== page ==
Nigeria: Lagos govt seals churches, mosques over environmental pollution
London, Nov. 18, 2019 (AltAfrica)-The Lagos State Environmental Protection Agency has closed eight places of worship in different parts of the state over persistent environmental pollution and disruption of peaceful co-existence of the residents.
The mosques and churches are located at No. 68 Old Otta Road, Orile-Agege; No. 4 Ademola Oshinowo Street, off Love All Street, Ketu; Dele Amuda Street, Lekki; No. 17 Ajileye Street, Ilaje, Bariga; No. 39, Kusenla Road, Elegunshi; and Ajayi Bembe Street, Abule Oja, Yaba.
The General Manager, LASEPA, Dolapo Fasawe, who noted that the clampdown was to mark the World Tolerance Day, said the mutual respect of views, cultures and religions, which the celebration symbolised across the world, must be adhered to by all residents of the state, especially religious organisations.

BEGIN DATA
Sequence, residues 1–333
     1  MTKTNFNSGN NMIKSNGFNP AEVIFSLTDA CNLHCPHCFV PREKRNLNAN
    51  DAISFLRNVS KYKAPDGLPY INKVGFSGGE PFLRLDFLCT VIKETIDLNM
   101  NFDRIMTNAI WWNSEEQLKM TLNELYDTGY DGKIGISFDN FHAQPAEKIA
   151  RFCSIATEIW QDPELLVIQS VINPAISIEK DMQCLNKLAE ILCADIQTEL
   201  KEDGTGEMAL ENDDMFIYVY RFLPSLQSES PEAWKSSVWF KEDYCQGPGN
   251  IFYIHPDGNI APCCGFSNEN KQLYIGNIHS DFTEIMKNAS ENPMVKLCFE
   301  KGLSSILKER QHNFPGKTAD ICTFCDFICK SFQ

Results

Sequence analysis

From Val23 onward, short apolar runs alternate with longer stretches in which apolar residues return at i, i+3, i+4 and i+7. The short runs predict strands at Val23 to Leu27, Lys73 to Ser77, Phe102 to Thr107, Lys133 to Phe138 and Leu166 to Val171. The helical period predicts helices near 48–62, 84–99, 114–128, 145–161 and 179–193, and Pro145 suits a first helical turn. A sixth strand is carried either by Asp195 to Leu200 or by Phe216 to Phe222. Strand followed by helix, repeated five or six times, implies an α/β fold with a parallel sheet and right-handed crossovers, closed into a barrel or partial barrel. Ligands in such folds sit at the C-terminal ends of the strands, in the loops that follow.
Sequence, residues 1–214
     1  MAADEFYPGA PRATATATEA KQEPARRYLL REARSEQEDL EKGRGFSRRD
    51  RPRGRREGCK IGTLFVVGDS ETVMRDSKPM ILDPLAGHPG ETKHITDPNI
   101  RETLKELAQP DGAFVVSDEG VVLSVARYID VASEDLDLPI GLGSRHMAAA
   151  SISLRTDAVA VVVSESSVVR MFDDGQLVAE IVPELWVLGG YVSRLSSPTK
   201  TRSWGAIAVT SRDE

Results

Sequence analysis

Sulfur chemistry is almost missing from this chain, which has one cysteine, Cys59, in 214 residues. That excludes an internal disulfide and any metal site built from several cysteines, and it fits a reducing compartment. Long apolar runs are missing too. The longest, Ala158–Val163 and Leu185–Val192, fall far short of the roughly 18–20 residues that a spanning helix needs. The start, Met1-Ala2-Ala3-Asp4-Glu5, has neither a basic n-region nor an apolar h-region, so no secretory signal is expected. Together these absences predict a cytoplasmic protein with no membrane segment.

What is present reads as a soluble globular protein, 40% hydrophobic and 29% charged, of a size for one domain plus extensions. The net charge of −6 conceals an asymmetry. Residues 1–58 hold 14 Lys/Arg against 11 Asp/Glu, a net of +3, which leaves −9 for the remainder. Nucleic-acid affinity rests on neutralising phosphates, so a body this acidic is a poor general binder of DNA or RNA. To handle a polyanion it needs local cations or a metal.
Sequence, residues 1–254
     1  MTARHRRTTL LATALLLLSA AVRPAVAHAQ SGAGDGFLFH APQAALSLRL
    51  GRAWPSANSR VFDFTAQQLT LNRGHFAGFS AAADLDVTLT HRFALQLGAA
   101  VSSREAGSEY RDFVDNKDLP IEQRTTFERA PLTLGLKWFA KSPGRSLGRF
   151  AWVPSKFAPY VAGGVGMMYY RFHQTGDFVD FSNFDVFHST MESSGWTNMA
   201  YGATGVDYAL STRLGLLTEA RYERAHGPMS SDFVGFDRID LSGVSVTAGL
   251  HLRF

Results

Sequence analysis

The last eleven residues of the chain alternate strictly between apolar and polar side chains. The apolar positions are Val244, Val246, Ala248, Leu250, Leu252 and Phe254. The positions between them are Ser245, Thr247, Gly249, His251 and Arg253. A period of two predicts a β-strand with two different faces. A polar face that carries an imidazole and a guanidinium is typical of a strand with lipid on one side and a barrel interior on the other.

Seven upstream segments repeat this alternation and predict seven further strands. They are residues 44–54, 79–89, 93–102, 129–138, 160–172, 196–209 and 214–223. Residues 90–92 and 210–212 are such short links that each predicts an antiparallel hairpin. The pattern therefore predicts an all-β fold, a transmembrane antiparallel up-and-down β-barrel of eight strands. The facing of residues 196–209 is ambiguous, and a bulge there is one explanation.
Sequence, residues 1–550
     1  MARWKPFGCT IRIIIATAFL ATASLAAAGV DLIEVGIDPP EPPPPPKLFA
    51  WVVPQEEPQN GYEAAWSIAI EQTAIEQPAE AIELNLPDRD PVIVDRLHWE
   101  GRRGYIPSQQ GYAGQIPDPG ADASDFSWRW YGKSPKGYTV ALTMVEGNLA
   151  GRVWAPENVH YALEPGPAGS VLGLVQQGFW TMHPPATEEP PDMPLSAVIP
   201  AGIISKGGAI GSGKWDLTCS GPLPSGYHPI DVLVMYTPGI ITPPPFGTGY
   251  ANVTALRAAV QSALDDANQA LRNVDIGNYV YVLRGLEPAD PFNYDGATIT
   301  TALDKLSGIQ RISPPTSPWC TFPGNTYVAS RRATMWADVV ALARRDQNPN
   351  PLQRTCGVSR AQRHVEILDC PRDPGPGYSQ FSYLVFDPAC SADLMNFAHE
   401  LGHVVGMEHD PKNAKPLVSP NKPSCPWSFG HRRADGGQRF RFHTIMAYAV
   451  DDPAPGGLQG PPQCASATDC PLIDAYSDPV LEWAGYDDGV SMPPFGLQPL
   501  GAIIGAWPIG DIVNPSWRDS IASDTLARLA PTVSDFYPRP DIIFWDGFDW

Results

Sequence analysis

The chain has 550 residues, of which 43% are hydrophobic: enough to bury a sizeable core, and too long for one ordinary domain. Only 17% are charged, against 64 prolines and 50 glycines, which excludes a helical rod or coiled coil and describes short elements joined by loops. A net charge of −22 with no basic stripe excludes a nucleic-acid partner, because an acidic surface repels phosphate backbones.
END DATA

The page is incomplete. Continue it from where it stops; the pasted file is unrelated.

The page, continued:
Fasawe added that there would not be any hiding place for any religious organisation that would not operate within the ambit of the law, regardless of the inclination, noting that religious organisations were supposed to be the bastion of good conduct, tolerance, brotherliness and godly neighbourliness.
“The state government recognises the fact that the state thrives on peaceful co-existence among practitioners of the major religions across the state, but of great concern to the state government is the need for religious activities to be conducted in a manner that worshippers and citizens will not infringe on each others’ rights,” she said.
Fasawe assured residents of the state that all recalcitrant organisations and worship centres known for disturbance would face the full wrath of the law, adding that owners of all unauthorised and illegally converted residential properties to places of worship without recourse to the well-being of other residents would also be made to face the law.
She, however, added that the owners of the sealed facilities would have to reach an agreement of compliance with the agency and also satisfy other conditions prescribed by LASEPA before their facilities would be reopened, noting that any owner, who open the shut facilities without the agency’s permission, would face the law.